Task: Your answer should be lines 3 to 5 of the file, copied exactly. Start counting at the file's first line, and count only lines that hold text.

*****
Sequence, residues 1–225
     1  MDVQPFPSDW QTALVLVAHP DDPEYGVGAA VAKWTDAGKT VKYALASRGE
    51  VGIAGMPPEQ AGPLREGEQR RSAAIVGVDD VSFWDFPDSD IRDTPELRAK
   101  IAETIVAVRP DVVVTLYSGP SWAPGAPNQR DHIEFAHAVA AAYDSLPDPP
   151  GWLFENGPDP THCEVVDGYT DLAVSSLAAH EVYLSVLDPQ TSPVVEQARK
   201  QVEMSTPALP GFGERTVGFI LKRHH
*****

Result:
    51  VGIAGMPPEQ AGPLREGEQR RSAAIVGVDD VSFWDFPDSD IRDTPELRAK
   101  IAETIVAVRP DVVVTLYSGP SWAPGAPNQR DHIEFAHAVA AAYDSLPDPP
   151  GWLFENGPDP THCEVVDGYT DLAVSSLAAH EVYLSVLDPQ TSPVVEQARK